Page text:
Petrit Halilaj (b. 1986, Kostërrc, Skenderaj-Kosovo) often uses his own biography as a point of departure, adopting exhibition processes to alter the course of private and collective histories. Encompassing sculpture, drawing, text and video, many of Halilaj’s works incorporate materials from his native Kosovo and manifest as ambitious spatial installations through which the artist translates personal relationships into sculptural forms.
For his New Museum exhibition, Halilaj presents a major new project that begins in Runik, the city in Kosovo in which he grew up and the site of one of the earliest Neolithic settlements in the region, where some of Kosovo’s most important artifacts have been found. Archaeological digs in 1968 and 1983 uncovered part of the country’s most significant material history from the period, including the musical instrument known as the Runik Ocarina. Now spread across two countries and several institutions as the result of the Kosovo War in the 1990s, the most valuable of these objects currently reside in storage at the Natural History Museum in Belgrade, with the less significant finds still kept at the Kosovo Museum in Pristina. Out of public reach and inaccessible to the people of Runik, these objects hold great symbolic value for a nation missing parts of its shared frame of reference, but also point to the condition of contradictory claims from two countries that share material heritage.
In Petrit Halilaj: RU, Halilaj presents a new video work, several large fabric sculptures, and an extensive environment that draws on his research into the flight patterns and habitats of migratory birds. Piecing together multiple institutional and archeological records coming from sources across borders, Halilaj makes the full extent of the findings in Runik available to the public for the first time. Recreating a total of 505 found and recorded objects and fragments as birds who have temporarily taken residence in an imagined landscape, Halilaj envisions these artifacts on temporary stopover, momentarily reunited as beings who live and thrive through movement, rather than belonging to any one site or context. Halilaj rebuts the idea that this collection should define only one nation, and also questions its scope through recollections of its Neolithic civilization by friends and neighbors in Runik. Such narratives are told through objects discovered on their land—horns, heads, torsos—which residents imbue with mystic significance and make the subject of alternative stories of origin. While these stories’ material proof has been displaced or lost, and to this day is still mistrusted to institutions officially charged with caring for them, they exist through description by and in the memory of individuals. This leads Halilaj from the real into the imagined, and he merges the factual with myths that in turn give shape to large sculptural forms that visitors can recline on. With RU, Halilaj presents history through personal and collective narratives, defined through movement and temporary residence—ultimately proposing how objects could serve a very different purpose in the context of museums, and as part of histories still being written.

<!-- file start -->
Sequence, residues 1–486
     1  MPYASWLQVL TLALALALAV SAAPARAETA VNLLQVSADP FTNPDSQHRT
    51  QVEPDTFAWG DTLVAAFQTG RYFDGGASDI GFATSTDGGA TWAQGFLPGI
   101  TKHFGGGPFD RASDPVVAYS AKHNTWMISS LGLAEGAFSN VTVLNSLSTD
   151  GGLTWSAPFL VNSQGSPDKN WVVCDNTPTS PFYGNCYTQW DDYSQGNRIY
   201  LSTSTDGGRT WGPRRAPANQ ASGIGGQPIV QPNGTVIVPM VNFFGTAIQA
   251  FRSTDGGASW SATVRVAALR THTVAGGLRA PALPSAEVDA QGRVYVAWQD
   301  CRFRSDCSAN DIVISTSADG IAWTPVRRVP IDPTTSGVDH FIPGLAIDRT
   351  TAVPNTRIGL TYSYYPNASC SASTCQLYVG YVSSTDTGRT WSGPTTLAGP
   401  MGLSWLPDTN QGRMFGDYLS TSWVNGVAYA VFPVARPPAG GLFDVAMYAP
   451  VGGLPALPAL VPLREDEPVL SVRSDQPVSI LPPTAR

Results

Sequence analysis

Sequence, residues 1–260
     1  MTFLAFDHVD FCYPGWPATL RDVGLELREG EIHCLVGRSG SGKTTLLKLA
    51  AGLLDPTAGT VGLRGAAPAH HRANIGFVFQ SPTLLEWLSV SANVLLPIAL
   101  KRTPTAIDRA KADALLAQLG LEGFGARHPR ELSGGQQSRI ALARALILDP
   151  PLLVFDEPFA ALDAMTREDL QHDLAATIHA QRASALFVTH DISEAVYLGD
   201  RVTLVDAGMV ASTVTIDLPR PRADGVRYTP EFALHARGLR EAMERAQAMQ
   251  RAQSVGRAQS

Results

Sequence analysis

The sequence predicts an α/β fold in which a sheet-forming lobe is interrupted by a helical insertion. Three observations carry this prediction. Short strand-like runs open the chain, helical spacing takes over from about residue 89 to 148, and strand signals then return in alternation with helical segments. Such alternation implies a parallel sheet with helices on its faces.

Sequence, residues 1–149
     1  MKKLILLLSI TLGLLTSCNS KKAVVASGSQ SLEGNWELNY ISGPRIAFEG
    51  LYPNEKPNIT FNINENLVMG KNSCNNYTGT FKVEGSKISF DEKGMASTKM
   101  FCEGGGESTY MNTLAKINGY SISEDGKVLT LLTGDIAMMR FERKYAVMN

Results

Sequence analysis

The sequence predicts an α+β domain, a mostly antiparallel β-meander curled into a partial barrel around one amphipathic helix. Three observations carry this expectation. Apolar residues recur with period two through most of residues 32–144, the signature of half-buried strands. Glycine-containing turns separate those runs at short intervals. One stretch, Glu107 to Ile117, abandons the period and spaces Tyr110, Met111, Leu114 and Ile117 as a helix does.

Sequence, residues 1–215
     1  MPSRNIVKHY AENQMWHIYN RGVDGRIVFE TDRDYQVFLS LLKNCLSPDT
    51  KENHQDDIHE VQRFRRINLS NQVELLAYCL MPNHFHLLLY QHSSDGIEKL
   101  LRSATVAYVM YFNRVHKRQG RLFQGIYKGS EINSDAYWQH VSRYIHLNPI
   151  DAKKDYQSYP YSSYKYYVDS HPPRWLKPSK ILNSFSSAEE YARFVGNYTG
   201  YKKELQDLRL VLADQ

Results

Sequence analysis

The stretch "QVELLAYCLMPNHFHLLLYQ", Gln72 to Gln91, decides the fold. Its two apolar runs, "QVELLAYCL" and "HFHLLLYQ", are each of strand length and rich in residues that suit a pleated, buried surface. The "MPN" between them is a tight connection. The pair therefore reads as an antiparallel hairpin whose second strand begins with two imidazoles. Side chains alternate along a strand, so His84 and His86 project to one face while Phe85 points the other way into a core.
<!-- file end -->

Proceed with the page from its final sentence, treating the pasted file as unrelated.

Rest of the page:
All photo: Petrit Halilaj, RU, 2017, exhibition view at New Museum, New York, Courtesy the Artist, ChertLüdde, Berlin and kamel mennour, Paris/London. Photo: Dario Lasagni.